A State Divided: The Civil War in Missouri
The Hotel Patee House opened in 1858 as St. Joseph's finest hotel. It later served as the national Pony Express headquarters, the local Union Army headquarters, a women's college and a factory. The building is now a National Historic Landmark.
The Opening of the Hotel Patee House
St. Joseph was a thriving community on the western border in 1856 when John Patee began construction on his Hotel Patee House. He equipped his hotel with the latest technology and a lavish interior at a cost of $200,000. Hotel Patee House offered westward bound visitors a last luxurious experience before enduring primitive accommodations on the frontier.
Patee's hotel opened when St. Joseph was already a busy riverboat town. The town boomed when the Hannibal & St. Joseph Railroad opened and made St. Joseph the westernmost railroad stop in 1859.
The hotel became a local landmark and the site for political rallies and town events. The opening celebration for the Pony Express was held in front of Hotel Patee House in April 1860.
The Civil War
Like most Missourians, St. Joseph's citizens were divided on the issue of secession. Many prominent people in the community were sympathetic to the Southern states, owned slaves and even supported Missouri seceding from the Union. William Seward, President Lincoln's future Secretary of State, spoke from the front balcony of Patee House on Sept. 22, 1860. He warned that slavery was destined to end, but the crowd disagreed. On May 22, 1861, former St. Joseph mayor M. Jeff Thompson led a mob that cut down the U.S. flag from the post office.
After the fall of Fort Sumter in April 1861, President Abraham Lincoln requested troops from Missouri Gov. Claiborne Jackson. In St. Joseph, Jackson's refusal to supply troops fired rumors of impending attacks from the Union troops at Fort Leavenworth, Kan. Col. M. Jeff Thompson of the Missouri Volunteer Militia called up Southern sympathizers in the local militia companies. The men set up camp near the Hotel Patee House. After only a few days they began returning home because of a lack of food and supplies.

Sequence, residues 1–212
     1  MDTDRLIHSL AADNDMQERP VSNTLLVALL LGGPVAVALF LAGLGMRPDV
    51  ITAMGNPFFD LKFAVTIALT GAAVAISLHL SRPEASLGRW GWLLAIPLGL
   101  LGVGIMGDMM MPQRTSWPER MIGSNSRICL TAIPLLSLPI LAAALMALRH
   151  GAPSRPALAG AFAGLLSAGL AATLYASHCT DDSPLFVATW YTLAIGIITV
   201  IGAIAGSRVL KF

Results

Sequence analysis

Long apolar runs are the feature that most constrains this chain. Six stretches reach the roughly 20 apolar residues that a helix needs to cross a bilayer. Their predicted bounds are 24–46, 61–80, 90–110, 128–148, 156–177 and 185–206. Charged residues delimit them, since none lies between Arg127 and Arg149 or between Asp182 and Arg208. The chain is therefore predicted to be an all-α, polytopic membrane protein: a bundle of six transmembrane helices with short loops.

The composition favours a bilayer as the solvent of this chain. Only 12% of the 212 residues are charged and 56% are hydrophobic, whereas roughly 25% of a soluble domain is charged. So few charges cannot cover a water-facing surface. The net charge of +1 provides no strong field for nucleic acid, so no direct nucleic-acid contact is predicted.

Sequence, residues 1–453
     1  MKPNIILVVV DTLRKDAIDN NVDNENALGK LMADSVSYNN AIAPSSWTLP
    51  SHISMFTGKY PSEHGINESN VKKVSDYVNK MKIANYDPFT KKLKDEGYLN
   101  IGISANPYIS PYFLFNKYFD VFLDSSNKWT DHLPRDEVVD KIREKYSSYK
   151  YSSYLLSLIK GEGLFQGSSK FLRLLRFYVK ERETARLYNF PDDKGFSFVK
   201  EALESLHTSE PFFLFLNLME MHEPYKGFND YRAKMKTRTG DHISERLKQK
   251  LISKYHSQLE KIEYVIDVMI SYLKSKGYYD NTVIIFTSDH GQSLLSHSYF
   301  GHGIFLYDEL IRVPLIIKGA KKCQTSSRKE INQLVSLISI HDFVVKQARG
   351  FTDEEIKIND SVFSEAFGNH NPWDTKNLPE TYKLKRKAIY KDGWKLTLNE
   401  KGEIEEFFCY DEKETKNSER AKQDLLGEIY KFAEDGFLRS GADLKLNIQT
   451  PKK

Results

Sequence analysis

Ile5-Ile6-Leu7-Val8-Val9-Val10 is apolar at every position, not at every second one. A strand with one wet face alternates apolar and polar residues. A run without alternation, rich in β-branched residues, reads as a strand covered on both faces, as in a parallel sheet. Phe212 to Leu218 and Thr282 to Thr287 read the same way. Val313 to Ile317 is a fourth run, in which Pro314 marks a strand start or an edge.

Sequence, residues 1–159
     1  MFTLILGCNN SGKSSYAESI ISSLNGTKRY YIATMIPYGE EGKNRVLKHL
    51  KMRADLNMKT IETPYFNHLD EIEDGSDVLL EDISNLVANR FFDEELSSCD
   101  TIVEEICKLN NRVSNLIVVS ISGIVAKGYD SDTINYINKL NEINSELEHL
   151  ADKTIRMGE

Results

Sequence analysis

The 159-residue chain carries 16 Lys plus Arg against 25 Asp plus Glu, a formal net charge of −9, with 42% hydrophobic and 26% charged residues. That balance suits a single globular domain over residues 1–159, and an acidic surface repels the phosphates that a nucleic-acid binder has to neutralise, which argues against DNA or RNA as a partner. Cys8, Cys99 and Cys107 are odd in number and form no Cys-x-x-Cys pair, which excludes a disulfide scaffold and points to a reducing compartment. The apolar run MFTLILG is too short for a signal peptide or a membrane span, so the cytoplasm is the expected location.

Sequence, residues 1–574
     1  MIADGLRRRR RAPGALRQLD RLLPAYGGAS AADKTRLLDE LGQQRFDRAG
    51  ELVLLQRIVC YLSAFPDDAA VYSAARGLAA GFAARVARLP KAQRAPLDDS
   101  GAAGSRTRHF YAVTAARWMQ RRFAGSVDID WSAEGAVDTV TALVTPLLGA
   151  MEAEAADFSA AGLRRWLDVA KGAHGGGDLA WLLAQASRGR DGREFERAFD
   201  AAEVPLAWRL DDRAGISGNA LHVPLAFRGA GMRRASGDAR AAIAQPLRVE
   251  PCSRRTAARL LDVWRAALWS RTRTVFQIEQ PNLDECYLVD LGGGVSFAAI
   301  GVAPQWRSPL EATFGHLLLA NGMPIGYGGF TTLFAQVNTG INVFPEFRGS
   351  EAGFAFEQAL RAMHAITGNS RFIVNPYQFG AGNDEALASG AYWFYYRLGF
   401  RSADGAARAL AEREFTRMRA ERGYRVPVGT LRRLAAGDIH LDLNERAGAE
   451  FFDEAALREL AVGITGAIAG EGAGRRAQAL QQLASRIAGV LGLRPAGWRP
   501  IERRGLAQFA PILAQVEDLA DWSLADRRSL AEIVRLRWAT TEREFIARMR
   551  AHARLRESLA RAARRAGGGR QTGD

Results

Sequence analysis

Just weeks after war broke out, Union troops occupied St. Joseph to gain control of the railroad. The railroads were important for troop and supply movement. The Union occupation scattered the local secessionists. On June 10, 1861, Union soldiers commandeered the Hotel Patee House. Officers stayed in the hotel while troops camped nearby.
After the post office incident, the City Council made a decree against flying flags. Despite this, Capt. Alfred Sully ordered the U.S. flag to fly on top of the Hotel Patee House. Col. Everett Peabody, who recruited a company of local Union supporters, had the honor of raising the flag on June 11, 1861.
On June 15, 1861, Col. Samuel Curtis arrived by railroad with the 2nd Iowa Infantry. Like the previous Union officers, he also set up headquarters at the Hotel Patee House. Curtis and the 2nd Iowa soon left St. Joseph to pursue Maj. Gen. Sterling Price and the Missouri State Guard.
For the remainder of the war, the hotel served as headquarters for the district Union Army Provost Marshal. The provost office was on the fourth floor and trials were held in the ballroom. Provost Marshal Gen. Benjamin Loan designated the corner of 14th St. and Mitchell Ave., just a block from here, as the public hanging ground. Former St. Joseph mayor Gen. John Bassett, Gen. James Craig, Gen. Odon Guitar and Gen. Clinton B. Fisk also served as Provost Marshal here.
Tension between the Southern sympathizers and Union troops did not abate with occupation. In October 1861, St. Joseph was put under martial law, replacing local law enforcement. The town remained under martial law until the end of the war.
The Platte River Disaster
By August 1861, Confederate partisans, also called bushwhackers or guerillas, were operating in the St. Joseph area. Their tactics included disrupting service on the important Hannibal & St. Joseph Railroad.
In early September, they burnt the lower support timbers of the 160-foot Platte River railroad bridge. The top of the bridge remained intact concealing the damage. On the dark night of Sept. 3, 1861, the bridge collapsed when a westbound train began to cross. The train with its freight cars, baggage car, mail car and two passenger cars plunged into the river.
At least 17 people died in the crash and more than 100 were injured. St. Joseph had no hospital at the time so rescue workers brought the survivors to the Hotel Patee House for treatment.
Union soldiers were ordered to arrest and execute bushwhackers for their part in the incident. Maj. Gen. Sterling Price, commander of the pro-Southern Missouri State Guard, wrote Gen. Henry Halleck, commander of Union forces, to protest the order. In Price's view, the sabotage was "lawful and proper" according to the rules of warfare and that the captured men should be treated as prisoners of war. Gen. Halleck replied that the bushwhackers were "spies, marauders, robbers, incendiaries, guerrilla bands?in the garb of peaceful citizens."
The bushwhackers claimed that the bridge was a military target because there were Union soldiers on the train bound for Fort Leavenworth, Kan. In reality, most of the passengers were civilians.